Risk and Luck in Medical Ethics

Polity (2003)
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This book examines the moral luck paradox, relating it to Kantian, consequentialist and virtue-based approaches to ethics. It also applies the paradox to areas in medical ethics, including allocation of scarce medical resources, informed consent to treatment, withholding life-sustaining treatment, psychiatry, reproductive ethics, genetic testing and medical research. If risk and luck are taken seriously, it might seem to follow that we cannot develop any definite moral standards, that we are doomed to moral relativism. However, Dickenson offers strong counter-arguments to this view that enable us to think in terms of universal standards.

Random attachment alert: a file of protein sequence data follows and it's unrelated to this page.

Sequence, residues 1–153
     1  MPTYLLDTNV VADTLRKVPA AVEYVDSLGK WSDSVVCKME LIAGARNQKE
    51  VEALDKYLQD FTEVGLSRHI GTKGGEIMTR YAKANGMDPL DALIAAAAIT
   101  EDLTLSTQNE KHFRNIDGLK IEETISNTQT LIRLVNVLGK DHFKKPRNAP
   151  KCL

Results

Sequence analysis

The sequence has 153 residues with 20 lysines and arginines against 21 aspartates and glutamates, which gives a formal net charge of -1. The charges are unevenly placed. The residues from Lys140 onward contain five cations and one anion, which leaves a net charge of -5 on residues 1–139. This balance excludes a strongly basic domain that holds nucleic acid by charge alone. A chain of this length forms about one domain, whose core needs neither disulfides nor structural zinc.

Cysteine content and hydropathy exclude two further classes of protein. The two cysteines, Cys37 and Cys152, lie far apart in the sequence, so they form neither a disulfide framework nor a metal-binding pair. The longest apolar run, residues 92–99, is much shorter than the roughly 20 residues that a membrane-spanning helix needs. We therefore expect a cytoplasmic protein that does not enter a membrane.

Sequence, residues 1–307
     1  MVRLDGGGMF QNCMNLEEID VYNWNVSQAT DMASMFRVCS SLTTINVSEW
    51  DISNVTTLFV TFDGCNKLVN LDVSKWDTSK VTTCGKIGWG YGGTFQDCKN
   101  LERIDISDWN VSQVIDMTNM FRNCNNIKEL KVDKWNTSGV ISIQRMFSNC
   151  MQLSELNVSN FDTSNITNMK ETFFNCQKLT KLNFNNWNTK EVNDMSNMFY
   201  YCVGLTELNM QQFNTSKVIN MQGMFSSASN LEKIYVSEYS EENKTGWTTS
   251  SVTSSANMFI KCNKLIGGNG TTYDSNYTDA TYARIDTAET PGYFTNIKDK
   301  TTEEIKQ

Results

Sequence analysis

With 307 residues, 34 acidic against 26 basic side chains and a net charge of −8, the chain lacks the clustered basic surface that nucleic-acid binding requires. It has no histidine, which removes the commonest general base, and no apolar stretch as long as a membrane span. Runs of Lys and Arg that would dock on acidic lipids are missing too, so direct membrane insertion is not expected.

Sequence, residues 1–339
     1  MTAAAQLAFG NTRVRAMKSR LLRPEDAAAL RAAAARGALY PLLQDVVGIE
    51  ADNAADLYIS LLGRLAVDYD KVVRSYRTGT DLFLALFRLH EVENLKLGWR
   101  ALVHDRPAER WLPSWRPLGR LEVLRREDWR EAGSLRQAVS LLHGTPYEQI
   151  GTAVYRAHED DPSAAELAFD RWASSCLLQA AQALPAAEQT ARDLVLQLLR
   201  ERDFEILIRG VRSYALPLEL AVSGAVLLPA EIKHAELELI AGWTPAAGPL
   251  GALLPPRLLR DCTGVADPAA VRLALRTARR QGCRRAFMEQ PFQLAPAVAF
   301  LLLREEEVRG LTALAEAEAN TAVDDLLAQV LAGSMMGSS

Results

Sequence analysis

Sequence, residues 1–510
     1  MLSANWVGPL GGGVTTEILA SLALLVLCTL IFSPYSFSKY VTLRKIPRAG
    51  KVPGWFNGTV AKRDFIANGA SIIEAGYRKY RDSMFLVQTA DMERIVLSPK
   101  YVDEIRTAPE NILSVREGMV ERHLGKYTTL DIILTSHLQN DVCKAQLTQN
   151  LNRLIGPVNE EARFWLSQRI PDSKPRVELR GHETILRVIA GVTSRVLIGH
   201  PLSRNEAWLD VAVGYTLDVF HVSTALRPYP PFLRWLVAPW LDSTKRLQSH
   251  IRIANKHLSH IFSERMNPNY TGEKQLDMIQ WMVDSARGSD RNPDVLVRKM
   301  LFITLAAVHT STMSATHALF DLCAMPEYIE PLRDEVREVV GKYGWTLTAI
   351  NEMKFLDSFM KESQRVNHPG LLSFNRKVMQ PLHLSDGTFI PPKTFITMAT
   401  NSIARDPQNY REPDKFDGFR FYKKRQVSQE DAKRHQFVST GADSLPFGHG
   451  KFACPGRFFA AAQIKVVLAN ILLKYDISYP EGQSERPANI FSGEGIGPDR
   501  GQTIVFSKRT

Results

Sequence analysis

Author's Profile

Donna Dickenson
Birkbeck, University of London


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